To address these issues, Rocky Mountain National Park will be introducing another timed entry permit reservation system, serving as a “pilot” initiative for all park visitors during the summer and fall of 2024. Beginning May 24, 2024, through October 20, 2024, entry reservations will be mandatory. There will be two types of entry permits available for Rocky Mountain National Park:

  1. The first permit encompasses access to the Bear Lake Road Corridor and the entirety of the park. This reservation window spans from 5 AM to 6 PM from May 24th to October 20th.
  2. The second permit grants access to the rest of Rocky Mountain National Park, excluding the Bear Lake Road corridor. This reservation period is from 9 AM to 2 PM, running from May 24th to October 15th.

Each permit carries a nominal fee of $2 and can be purchased via It is advisable to secure your timed entry permit as soon as they are released if you have a set date for your visit, as permits tend to sell out faster closer to the entry date. For those unsure of their visitation date, approximately 40 percent of permits will be reserved and made available for purchase the day before at 7 p.m. MST through This flexibility allows visitors to secure permits even if their plans are subject to change.

Glacier National Park

Glacier National Park from Tumbleweed TravelGlacier National Park is set to initiate a pilot vehicle reservation system in 2024, commencing on May 24 for the west side of Going-to-the-Sun Road and North Fork, and on July 1 for Many Glacier. According to Glacier National Park Superintendent Dave Roemer, this balanced approach for the 2024 pilot reflects input from Tribes, the public, partners, and stakeholders, particularly regarding access to the Apgar Village area and Two Medicine. Roemer emphasized the importance of providing early clarity on park operations and access. The vehicle reservation system, initially introduced for the 2021 summer season, aims to alleviate congestion in Glacier National Park, particularly along the highly popular Going-to-the-Sun Road corridor. This marks the system’s fourth year of implementation in the park.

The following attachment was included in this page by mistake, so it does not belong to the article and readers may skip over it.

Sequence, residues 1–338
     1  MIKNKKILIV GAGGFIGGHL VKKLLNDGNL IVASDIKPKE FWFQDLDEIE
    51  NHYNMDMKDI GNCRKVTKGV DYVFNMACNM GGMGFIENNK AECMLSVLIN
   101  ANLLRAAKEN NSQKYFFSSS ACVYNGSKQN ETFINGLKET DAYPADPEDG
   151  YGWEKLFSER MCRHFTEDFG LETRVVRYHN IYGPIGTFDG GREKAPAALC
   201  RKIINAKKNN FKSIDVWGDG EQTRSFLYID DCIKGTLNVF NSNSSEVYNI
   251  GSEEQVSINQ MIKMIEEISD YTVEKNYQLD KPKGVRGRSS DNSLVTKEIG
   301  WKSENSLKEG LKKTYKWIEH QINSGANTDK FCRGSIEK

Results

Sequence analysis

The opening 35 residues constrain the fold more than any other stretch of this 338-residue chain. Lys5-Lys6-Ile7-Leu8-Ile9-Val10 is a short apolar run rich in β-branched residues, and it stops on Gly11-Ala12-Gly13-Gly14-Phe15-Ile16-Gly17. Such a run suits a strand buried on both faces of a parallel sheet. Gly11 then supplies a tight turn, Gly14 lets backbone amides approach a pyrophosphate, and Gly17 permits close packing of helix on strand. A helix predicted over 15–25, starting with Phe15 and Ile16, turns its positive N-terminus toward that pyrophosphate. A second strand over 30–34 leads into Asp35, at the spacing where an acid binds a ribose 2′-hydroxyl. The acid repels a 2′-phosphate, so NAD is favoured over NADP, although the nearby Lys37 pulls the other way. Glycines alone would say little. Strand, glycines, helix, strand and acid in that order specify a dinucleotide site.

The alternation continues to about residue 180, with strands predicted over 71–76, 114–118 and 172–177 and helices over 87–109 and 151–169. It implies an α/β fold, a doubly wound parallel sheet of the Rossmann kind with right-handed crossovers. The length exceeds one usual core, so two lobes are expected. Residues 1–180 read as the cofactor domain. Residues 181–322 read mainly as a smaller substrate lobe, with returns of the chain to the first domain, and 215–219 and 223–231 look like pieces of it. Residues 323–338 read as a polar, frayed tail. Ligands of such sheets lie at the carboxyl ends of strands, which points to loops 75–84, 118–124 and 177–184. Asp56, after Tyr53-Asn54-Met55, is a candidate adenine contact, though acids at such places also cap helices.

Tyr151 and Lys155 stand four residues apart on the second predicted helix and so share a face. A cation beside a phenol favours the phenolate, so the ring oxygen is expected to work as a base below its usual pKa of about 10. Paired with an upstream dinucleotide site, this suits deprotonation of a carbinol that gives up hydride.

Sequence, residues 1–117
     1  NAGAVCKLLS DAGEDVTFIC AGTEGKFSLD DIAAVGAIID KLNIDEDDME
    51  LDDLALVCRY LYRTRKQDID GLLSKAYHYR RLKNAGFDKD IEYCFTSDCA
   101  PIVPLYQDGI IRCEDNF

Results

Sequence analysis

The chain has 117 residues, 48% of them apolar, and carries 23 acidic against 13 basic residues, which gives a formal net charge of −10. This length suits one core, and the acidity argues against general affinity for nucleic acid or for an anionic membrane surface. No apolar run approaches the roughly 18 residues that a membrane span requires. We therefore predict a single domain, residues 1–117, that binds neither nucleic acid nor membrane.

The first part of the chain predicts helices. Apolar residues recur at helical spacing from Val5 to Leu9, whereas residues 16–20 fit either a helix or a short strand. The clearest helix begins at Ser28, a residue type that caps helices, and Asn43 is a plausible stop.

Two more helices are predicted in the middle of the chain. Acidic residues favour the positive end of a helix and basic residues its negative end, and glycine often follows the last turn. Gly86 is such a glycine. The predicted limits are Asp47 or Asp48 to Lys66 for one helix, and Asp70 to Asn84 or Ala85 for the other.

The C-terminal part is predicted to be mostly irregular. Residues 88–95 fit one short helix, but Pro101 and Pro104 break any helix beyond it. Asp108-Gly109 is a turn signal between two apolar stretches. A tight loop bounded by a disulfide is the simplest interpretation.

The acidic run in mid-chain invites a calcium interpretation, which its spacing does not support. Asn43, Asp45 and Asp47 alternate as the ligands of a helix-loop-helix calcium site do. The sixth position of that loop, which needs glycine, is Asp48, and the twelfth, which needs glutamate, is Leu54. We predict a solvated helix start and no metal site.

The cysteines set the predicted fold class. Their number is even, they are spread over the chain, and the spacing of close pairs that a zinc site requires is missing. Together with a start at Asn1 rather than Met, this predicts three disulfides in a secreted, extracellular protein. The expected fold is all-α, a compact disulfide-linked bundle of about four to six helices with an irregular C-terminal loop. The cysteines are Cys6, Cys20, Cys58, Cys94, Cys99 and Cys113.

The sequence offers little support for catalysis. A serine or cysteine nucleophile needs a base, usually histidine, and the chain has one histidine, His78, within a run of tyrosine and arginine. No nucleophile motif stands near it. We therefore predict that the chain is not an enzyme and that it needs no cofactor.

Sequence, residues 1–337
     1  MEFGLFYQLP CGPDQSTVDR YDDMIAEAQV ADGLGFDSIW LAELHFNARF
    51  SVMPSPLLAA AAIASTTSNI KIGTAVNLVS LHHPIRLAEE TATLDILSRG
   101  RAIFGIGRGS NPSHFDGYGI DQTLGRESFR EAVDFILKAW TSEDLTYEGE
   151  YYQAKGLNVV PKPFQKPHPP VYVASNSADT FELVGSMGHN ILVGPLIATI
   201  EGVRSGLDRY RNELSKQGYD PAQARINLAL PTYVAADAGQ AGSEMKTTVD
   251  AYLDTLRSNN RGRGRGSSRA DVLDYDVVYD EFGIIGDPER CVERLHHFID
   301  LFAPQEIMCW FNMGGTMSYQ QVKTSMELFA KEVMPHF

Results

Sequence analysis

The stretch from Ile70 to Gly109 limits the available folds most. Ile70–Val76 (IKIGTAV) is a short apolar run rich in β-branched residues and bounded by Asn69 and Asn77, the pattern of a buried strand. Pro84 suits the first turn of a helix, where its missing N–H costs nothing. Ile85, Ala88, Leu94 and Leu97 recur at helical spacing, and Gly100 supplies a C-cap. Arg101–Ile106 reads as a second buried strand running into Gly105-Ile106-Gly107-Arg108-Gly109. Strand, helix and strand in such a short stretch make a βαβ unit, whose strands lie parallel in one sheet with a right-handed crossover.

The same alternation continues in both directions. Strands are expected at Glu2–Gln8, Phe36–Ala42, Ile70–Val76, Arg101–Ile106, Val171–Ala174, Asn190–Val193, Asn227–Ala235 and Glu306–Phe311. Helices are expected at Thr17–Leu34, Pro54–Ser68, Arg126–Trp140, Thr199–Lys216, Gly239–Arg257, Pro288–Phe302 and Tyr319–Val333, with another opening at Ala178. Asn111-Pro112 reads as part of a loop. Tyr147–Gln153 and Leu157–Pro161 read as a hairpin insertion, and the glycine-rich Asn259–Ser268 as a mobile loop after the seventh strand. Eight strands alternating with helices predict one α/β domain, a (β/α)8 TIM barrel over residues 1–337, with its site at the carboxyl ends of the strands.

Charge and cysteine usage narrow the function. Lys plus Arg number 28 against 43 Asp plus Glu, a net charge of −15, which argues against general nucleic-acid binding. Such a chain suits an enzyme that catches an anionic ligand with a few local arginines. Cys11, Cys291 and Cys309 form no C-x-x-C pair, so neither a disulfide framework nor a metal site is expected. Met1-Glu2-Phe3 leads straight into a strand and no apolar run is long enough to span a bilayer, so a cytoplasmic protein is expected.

For 2024, a vehicle reservation will be necessary for access to three park areas from 6 am to 3 pm:

  1. Going-to-the-Sun Road West Entrance (May 24 – Sept 8)
  2. North Fork (May 24 – Sept 8)
  3. Many Glacier (July 1 – Sept 8)

Starting on January 25, 2024, a portion of vehicle reservations will become available approximately four months in advance at 8 a.m. MST on a rolling basis on Additionally, new for 2024, the remaining vehicle reservations will be released at 7 p.m. MDT for next-day entry beginning on May 23, 2024. It’s important to note that you do NOT need a permit to drive from the East side to the West side of the Going-to-the-Sun Road. Additionally, permits are not required if you’ve booked an activity in the Many Glacier area. Your activity reservation will include entry access for the day of your scheduled activity.

Timed entry reservation systems have become essential tools for managing visitation and protecting fragile ecosystems in America’s national parks. By implementing such systems, parks like Arches, Rocky Mountain, and Glacier can ensure a sustainable balance between conservation and recreation. As visitation continues to grow, these systems will play a vital role in preserving our natural heritage for future generations to enjoy.